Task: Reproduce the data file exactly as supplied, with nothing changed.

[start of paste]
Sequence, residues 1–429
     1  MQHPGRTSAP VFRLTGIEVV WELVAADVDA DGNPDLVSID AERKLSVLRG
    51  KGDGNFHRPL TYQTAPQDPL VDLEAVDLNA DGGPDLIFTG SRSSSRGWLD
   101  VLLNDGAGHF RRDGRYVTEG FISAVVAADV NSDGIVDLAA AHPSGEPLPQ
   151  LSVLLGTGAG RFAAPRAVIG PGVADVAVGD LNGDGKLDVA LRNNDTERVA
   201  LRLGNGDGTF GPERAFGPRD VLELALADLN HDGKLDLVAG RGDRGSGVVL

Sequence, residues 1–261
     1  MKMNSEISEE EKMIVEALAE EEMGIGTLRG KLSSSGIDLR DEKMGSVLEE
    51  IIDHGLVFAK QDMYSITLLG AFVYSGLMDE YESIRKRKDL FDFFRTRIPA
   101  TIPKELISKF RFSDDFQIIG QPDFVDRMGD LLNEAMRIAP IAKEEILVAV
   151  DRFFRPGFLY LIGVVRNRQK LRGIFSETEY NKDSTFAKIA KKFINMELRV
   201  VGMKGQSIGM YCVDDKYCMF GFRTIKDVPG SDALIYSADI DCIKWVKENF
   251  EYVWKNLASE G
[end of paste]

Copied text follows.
Sequence, residues 1–429
     1  MQHPGRTSAP VFRLTGIEVV WELVAADVDA DGNPDLVSID AERKLSVLRG
    51  KGDGNFHRPL TYQTAPQDPL VDLEAVDLNA DGGPDLIFTG SRSSSRGWLD
   101  VLLNDGAGHF RRDGRYVTEG FISAVVAADV NSDGIVDLAA AHPSGEPLPQ
   151  LSVLLGTGAG RFAAPRAVIG PGVADVAVGD LNGDGKLDVA LRNNDTERVA
   201  LRLGNGDGTF GPERAFGPRD VLELALADLN HDGKLDLVAG RGDRGSGVVL

Sequence, residues 1–261
     1  MKMNSEISEE EKMIVEALAE EEMGIGTLRG KLSSSGIDLR DEKMGSVLEE
    51  IIDHGLVFAK QDMYSITLLG AFVYSGLMDE YESIRKRKDL FDFFRTRIPA
   101  TIPKELISKF RFSDDFQIIG QPDFVDRMGD LLNEAMRIAP IAKEEILVAV
   151  DRFFRPGFLY LIGVVRNRQK LRGIFSETEY NKDSTFAKIA KKFINMELRV
   201  VGMKGQSIGM YCVDDKYCMF GFRTIKDVPG SDALIYSADI DCIKWVKENF
   251  EYVWKNLASE G